letter in a row, e.g. you should say XIV, not XIIII. Once I’d worked out what I was doing wrong, though, I was okay!
The second and third waypoints had me braving some frankly scary roads. The drivers here just don’t seem to stop unless you’re super assertive when you step out!
Once I had the final numbers and ran it through geochecker I realised that the cache must be very close to where I’d had lunch earlier today! Once I got there it took me a while to get
to the right floor, after which the hint made things pretty obvious.
Great trail, really loved it. And just barely made it back before the rain really started hammering down. TFTC, FP awarded, and greetings from Oxford, UK!
Now that travel for work is back on the menu, I’ve been trying to upgrade my “pack light” game.
I’ve been inspired in part by Beau, who I first met during my trip to South Africa in 2019 during my Automattic onboarding. Beau travelled from the US for a two week jaunt with nothing but
hand luggage, and it blew my mind.
For my trip to Vienna earlier this year for a divisional meetup, I got by with just a backpack and a laptop bag. Right now, I’m waiting to fly to Rome for a week, and I’ve ditched the
laptop bag in favour of just a single carry-on backpack. About 7kg of luggage, and well within the overhead locker size limit.
I’m absolutely sold on this approach. I get to:
walk past the queues for luggage drop (having checked-in online),
keep the entirety of my luggage with me at all times (which ensures it goes where I do),
breeze through security1,
thanks to smart packing2
walk right out of the airport at the other end without having to wait for the flingers to finish smashing everybody’s luggage into the carousels.
As somebody who’s travelled “heavy” for most of my life – and especially since the children came along – it’s liberating to migrate to a “pick up a bag and go” mindset. To begin with,
the nagging thought that I must’ve forgotten something essential was challenging, but I think I’ve gotten past that stage now.
Travelling light feels like carefree: like being a kid again, when all you needed was the back on your back and you were ready for an adventure. Once again, I’ve got a bag on my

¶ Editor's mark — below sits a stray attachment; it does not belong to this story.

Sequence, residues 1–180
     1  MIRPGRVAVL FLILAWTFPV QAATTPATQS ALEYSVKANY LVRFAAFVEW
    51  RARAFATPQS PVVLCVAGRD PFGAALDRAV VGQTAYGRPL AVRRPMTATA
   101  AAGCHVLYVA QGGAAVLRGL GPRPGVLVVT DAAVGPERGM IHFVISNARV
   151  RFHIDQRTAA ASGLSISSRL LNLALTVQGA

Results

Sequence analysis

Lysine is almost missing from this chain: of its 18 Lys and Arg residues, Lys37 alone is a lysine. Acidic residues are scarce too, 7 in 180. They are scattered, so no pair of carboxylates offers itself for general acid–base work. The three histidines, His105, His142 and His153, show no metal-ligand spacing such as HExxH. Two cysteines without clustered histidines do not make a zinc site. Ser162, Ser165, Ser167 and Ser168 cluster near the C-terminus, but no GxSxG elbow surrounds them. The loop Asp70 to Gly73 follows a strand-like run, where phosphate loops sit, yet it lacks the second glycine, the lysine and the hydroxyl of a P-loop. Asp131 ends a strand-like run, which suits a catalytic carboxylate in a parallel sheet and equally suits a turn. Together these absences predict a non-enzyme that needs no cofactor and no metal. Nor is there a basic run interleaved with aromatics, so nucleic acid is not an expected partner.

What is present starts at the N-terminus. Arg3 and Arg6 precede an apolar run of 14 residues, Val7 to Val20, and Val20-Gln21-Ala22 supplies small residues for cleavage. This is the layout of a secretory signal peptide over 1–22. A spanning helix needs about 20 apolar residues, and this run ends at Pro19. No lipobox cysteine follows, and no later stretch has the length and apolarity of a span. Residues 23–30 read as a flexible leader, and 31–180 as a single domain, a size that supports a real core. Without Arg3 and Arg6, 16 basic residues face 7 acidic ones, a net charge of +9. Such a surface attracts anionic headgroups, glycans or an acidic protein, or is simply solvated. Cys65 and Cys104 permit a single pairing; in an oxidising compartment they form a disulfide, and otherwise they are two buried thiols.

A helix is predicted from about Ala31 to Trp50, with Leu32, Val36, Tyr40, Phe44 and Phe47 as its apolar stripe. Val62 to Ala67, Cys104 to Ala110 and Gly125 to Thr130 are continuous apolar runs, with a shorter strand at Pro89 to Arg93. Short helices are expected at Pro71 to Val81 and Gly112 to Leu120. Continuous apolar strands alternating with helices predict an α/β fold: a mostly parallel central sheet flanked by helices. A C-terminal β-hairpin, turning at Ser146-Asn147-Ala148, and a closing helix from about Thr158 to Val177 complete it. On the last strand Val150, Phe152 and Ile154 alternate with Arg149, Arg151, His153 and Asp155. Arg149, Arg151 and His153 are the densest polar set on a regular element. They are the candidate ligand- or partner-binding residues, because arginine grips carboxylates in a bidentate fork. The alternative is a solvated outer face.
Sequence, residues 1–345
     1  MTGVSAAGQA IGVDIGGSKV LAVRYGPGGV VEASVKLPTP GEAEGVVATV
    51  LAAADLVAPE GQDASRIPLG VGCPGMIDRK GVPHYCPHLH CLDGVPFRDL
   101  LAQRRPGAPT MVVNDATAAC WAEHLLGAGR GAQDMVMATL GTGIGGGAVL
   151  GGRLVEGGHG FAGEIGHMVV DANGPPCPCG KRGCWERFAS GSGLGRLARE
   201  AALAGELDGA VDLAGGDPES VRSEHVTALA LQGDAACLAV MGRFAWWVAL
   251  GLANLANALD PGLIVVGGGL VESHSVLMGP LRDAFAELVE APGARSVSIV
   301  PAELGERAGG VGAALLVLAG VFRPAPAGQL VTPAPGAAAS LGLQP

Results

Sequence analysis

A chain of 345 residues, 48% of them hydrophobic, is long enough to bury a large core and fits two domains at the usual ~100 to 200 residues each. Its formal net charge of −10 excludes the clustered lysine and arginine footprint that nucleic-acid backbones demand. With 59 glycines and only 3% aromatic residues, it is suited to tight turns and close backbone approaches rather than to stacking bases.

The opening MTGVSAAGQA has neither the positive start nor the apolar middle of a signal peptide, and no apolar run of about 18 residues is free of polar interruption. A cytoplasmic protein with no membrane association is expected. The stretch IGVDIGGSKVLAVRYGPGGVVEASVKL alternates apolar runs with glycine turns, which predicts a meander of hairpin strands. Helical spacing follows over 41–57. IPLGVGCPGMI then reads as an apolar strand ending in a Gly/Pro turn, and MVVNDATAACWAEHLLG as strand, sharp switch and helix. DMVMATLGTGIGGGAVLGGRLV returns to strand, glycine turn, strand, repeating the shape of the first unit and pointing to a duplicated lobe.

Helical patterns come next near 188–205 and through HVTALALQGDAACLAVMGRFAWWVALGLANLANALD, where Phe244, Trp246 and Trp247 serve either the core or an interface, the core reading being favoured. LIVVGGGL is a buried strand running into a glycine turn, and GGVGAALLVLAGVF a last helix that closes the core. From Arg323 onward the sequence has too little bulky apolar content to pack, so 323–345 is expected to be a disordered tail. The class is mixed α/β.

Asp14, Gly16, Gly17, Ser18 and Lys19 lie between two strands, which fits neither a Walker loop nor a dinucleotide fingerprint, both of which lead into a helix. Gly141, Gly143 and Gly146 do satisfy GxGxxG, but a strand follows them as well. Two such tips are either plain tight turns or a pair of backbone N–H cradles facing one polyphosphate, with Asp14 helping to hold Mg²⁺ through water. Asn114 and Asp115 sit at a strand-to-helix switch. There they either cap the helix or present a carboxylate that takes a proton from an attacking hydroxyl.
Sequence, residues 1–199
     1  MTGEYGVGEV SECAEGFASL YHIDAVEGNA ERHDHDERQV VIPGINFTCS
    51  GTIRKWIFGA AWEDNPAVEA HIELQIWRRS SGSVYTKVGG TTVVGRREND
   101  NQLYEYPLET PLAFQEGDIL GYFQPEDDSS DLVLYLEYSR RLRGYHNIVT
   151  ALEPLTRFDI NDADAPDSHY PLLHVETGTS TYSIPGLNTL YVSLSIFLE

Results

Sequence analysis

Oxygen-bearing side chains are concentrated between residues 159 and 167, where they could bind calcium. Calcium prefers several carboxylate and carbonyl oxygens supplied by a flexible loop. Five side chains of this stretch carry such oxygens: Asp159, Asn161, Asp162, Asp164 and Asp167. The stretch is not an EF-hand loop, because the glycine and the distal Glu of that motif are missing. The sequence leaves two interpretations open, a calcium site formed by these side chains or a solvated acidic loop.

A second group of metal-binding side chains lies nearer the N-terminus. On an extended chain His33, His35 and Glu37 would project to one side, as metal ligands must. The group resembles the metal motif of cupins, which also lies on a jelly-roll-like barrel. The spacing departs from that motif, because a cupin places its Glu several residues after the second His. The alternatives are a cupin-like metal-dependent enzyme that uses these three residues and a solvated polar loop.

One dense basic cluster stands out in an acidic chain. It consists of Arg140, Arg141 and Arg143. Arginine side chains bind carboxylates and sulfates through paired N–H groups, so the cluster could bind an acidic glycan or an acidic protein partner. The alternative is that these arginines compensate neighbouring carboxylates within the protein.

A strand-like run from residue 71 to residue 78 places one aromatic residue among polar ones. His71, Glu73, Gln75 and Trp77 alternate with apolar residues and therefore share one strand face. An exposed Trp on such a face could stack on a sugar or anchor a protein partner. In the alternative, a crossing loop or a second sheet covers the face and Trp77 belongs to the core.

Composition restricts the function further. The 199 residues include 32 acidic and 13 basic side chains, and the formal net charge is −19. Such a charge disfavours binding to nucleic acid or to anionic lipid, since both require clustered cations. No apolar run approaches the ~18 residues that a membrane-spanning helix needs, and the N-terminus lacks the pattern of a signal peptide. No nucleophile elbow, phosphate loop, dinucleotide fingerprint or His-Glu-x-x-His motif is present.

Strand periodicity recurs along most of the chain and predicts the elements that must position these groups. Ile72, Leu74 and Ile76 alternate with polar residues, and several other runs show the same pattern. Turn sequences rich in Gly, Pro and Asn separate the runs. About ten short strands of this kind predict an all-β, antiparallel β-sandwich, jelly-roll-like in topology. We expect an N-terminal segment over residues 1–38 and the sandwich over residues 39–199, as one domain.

back3 and I know that everything I need for an adventure
is right here with me4.
1 If you’ve travelled with me before, you might have noticed that I sometimes have trouble
at borders on account of my damn stupid name, as predicted by the Passport Office. I’ve since learned all the requisite tricks to sidestep these problems, but that’s probably worthy
of a post in its own right.
2 A little smart packing goes a long way. In the photo above, you might see my pre-prepared liquids bag in a side pocket, my
laptop slides right out for separate scanning, my wallet and phone just dump out of my pockets, and I’m done.
3 I don’t really have a bag on my back right now. I’m sat in a depature lounge at Gatwick
Airport. But you get the idea.
4 Do I really have everything I need? I’ve not brought a waterproof coat and,
looking at the weather forecast at my destination, this might have been a mistake. But worst case I can buy a cheap poncho at the other end. That’s the kind of freedom that being an
adult gets you, replacing the childlike freedom to get soaked and not care.
Automattic has acquired the ActivityPub plugin for WordPress from German developer Matthias Pfefferle, who will be joining the company to continue improving support for federated platforms. Pfefferle, who is also the